In American history, perhaps there's no better example of the risks and rewards of the entrepreneurial spirit than California's Gold Rush. From 1848 to 1856, hundreds of thousands of American settlers with riches on their minds, and the belief in Manifest Destiny in their hearts, made the arduous trek to Sutter's Mill California. Of those who completed the journey, very few -- if any -- found long-term wealth mining gold. Many ended worse off than before their arrival.
Still, fortunes were made during the gold rush. German immigrant Levi Strauss opened a dry-goods store to peddle items like clothing and bedding to these fortune seekers, in addition to tools, like picks and shovels, which made the mining process easier. Later, Levi Strauss invented his signature blue jean -- and the rest is history.
Within a few years, there were nearly 300,000 "forty-niners" who relocated to the area, all with the hopes of striking it rich mining gold; yet only one individual's name adorns the stadium for the San Francisco 49ers, the team named for these miners. Levi Strauss, the inspiration for the team's Levi Stadium, made none of his wealth directly due to gold, and all of it indirectly.
Strauss' path to wealth was so successful that it has been copied by subsequent businesses. Instead of following the crowd and becoming another unsuccessful front-line participant, there's as much -- or more -- wealth to be made from providing others the tools they need to be productive and successful. True to its Gold Rush origins, these businesses are referred to as pick-and-shovel companies.
How does this matter to current investors? Well, there's a great deal of current investments that follow the pick-and-shovel strategy. A company that solves a problem, increases productivity, or provides the required equipment a company needs in its production process is a pick-and-shovel investment. It's a powerful business model, and tends to be overlooked, and misunderstood by investors.
The biggest pick-and-shovel play has become one of the largest companies in the United States in its own right. Microsoft (NASDAQ:MSFT) has been one of the most-successful companies since its IPO in 1986. If you would have purchased one share of stock at the IPO price of $21 per share 30 years ago, and held through the company's nine stock splits, it would be worth approximately $16,100 today.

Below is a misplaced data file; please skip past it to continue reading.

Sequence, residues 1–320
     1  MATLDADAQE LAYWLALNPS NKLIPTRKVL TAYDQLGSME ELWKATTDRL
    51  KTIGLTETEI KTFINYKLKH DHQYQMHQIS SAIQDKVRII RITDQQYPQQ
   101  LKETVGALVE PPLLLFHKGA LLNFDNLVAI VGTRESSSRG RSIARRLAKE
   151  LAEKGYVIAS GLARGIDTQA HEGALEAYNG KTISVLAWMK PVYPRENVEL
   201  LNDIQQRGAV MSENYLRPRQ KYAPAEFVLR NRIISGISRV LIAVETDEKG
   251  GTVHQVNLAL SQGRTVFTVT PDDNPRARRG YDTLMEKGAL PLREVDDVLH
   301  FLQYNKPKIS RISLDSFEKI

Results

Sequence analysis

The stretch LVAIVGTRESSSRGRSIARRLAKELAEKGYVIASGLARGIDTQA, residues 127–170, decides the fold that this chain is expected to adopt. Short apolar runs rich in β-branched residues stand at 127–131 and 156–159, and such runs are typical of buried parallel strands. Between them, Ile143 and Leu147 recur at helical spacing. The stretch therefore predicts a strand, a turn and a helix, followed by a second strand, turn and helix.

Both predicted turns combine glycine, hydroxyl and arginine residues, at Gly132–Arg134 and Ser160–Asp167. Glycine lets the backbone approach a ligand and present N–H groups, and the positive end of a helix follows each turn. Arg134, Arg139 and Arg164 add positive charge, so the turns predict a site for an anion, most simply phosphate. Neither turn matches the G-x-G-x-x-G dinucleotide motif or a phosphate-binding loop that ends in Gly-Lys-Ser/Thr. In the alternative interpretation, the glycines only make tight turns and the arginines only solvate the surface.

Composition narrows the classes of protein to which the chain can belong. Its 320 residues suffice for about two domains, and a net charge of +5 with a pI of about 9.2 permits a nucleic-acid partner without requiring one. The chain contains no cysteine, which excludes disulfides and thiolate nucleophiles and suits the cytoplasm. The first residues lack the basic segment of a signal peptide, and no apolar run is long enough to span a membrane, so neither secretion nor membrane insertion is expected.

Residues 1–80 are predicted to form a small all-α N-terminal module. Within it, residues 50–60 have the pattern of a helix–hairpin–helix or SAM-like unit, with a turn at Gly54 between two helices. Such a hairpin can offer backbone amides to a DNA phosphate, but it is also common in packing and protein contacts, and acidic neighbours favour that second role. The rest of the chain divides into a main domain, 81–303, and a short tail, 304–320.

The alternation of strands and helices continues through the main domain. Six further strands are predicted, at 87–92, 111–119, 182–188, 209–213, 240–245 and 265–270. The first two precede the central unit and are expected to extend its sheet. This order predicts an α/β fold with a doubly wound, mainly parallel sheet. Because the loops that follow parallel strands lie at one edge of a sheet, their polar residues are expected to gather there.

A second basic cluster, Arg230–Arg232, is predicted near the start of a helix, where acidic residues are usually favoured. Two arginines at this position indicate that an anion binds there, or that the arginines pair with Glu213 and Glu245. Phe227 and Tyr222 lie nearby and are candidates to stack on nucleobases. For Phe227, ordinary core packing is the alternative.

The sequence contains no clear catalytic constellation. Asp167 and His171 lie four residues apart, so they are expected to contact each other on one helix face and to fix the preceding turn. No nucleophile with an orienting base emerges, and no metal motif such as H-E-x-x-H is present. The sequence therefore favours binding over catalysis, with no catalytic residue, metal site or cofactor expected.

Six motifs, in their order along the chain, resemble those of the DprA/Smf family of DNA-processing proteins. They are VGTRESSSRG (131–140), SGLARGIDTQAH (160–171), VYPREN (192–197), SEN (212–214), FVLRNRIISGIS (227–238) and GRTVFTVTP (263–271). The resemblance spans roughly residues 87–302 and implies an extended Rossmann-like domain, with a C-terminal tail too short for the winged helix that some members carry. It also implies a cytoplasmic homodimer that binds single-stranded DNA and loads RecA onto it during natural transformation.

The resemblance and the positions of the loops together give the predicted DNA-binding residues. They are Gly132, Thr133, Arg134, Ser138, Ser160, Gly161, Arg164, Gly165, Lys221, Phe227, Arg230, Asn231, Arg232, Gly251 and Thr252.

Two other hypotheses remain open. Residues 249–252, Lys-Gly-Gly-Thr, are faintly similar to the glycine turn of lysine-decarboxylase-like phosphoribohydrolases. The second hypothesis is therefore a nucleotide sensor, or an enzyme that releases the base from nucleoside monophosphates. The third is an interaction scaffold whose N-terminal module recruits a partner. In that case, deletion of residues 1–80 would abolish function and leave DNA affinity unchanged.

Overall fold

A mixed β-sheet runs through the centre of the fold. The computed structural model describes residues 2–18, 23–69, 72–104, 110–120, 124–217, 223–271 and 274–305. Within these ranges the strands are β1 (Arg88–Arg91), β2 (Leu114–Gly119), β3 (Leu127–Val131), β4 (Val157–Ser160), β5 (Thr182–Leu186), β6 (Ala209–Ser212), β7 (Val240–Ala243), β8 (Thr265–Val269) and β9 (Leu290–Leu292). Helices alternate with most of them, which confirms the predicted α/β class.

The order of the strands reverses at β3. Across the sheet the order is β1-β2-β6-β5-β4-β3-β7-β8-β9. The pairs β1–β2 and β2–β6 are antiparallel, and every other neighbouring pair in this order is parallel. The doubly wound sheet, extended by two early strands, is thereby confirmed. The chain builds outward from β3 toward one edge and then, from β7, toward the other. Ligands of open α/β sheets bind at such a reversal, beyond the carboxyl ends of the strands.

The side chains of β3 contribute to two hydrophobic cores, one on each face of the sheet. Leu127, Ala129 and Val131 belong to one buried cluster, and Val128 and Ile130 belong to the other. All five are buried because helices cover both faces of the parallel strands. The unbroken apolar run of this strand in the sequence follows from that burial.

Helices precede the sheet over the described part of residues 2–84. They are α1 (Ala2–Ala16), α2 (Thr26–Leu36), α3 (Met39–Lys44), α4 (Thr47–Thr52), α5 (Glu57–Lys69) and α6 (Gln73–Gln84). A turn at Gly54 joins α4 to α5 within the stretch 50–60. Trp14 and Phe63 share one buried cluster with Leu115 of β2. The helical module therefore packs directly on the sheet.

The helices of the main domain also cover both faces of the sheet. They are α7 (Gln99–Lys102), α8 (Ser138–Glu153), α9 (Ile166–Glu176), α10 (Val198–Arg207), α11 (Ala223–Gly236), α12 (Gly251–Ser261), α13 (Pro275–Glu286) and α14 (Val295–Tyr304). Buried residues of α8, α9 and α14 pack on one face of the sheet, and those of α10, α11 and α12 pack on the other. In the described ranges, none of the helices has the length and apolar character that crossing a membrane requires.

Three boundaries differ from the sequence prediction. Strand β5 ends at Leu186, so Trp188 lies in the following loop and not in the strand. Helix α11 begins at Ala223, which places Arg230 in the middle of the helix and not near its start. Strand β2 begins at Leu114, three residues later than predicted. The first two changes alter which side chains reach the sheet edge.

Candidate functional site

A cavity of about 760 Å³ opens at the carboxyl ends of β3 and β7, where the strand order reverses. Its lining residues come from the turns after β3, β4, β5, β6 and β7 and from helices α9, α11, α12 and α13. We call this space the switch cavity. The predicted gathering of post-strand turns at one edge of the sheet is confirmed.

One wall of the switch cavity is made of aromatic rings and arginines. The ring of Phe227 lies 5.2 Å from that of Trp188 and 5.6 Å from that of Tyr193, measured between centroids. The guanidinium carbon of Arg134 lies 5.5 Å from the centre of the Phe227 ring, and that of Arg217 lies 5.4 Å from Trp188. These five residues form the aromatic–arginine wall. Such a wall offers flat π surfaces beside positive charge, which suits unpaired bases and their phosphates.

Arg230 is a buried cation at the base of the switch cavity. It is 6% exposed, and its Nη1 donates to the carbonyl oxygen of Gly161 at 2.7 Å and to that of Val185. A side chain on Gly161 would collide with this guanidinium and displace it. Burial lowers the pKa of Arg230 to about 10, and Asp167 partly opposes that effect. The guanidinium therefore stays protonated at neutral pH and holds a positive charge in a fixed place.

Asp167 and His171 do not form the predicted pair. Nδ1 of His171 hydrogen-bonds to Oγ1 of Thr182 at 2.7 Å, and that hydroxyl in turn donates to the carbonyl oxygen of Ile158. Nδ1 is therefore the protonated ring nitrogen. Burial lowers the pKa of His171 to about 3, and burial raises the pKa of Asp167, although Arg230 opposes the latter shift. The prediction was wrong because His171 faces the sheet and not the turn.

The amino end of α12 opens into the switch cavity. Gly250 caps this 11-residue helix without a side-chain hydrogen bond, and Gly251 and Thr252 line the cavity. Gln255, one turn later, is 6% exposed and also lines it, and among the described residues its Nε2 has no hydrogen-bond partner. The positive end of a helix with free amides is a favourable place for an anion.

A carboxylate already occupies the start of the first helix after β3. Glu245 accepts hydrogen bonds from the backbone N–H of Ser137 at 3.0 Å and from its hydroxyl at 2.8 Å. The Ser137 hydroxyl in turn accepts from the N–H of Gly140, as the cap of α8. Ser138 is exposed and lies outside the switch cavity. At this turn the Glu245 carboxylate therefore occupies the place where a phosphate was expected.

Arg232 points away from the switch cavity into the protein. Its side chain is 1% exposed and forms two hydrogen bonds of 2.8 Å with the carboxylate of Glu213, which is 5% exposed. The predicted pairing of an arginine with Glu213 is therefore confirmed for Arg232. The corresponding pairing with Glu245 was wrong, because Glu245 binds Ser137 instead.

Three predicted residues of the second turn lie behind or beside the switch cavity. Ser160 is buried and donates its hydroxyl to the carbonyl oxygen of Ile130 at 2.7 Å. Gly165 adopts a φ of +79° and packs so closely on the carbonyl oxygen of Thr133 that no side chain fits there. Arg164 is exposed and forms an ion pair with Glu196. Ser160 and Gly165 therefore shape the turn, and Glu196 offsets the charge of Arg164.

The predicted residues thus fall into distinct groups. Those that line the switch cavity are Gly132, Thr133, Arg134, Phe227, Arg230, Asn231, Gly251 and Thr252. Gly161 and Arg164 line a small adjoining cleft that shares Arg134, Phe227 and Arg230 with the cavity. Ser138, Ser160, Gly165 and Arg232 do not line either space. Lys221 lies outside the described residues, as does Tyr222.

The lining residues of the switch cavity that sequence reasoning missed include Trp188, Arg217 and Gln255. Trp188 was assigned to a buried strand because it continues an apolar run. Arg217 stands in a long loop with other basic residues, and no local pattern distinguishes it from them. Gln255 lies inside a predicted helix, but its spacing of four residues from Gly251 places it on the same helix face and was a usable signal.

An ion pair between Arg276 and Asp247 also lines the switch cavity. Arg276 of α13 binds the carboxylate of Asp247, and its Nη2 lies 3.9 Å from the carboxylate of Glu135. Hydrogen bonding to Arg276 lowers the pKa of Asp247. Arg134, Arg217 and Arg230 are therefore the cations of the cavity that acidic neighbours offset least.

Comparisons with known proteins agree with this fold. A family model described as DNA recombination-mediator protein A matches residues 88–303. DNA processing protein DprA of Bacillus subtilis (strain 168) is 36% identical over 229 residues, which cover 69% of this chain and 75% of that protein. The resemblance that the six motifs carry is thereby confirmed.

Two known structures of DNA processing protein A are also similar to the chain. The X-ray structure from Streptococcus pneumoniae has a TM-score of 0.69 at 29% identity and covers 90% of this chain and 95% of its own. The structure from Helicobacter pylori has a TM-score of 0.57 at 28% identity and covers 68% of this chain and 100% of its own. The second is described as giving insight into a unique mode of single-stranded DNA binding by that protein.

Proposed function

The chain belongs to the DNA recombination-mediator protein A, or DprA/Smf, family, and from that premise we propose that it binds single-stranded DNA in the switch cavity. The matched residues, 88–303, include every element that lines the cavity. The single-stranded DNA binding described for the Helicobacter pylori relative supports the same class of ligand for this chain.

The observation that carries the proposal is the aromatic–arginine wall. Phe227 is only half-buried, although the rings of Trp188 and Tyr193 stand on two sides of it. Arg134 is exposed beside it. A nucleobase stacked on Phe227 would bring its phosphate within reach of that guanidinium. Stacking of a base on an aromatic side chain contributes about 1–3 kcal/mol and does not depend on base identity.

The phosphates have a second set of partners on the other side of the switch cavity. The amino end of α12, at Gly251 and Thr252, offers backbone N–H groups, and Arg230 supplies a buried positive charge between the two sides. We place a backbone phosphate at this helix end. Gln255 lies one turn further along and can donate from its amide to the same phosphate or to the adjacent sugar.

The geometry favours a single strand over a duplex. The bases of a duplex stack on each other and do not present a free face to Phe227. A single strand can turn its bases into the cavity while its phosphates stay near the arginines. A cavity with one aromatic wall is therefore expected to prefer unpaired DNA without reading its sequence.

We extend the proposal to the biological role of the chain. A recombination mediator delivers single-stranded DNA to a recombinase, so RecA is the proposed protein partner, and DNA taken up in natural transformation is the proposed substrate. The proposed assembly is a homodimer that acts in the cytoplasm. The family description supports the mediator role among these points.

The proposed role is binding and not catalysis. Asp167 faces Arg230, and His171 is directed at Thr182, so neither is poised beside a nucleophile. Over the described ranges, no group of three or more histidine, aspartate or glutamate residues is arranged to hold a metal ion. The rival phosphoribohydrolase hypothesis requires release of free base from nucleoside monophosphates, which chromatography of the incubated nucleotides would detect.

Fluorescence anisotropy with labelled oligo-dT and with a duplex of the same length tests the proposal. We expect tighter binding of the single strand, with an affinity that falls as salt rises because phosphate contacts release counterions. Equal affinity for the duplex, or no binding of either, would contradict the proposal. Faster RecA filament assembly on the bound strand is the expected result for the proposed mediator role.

Cloud computing is the next growth driver
It may be difficult to think of Microsoft as a pick-and-shovel play, but the key to Microsoft's success has been the tremendous boost in productivity, efficiency, and cost savings the company has afforded fellow businesses. Through Microsoft's popular Office Suite, positions were automated, saving companies money, and costly expenses like messenger services and postage were replaced by low-cost email.
Microsoft's newest service, cloud computing, has taken off with businesses in a major way. Microsoft reported commercial cloud annualized-revenue growth of more than 50%, up to $12.1 billion, which is nearly 13% of Microsoft's full-year revenue.
The cloud, which is simply another term for offsite storage and application delivery, continues to be a high-growth business with companies like Microsoft, Amazon, and International Business Machines leading the way. Microsoft has a natural fit with businesses utilizing its Office suite, and should continue to be a leader in the industry.
It would be unfair to say Microsoft is a perfect investment. The company's catchall "more personal computing" division saw a year-on-year decrease of 4% in the recently reported fourth quarter due to poor Windows Phone sales, and decreases in gaming revenue due to Xbox console sales. However, both revenue decreases were widely expected by Wall Street analysts.
If commercial cloud revenue continues to grow at these torrid rates, Microsoft's one-year run of 20% could continue, even with weakness in the company's personal-computing segment.
Jamal Carnette has no position in any stocks mentioned. The Motley Fool owns shares of and recommends Amazon.com. The Motley Fool owns shares of Microsoft. Try any of our Foolish newsletter services free for 30 days. We Fools may not all hold the same opinions, but we all believe that considering a diverse range of insights makes us better investors. The Motley Fool has a disclosure policy.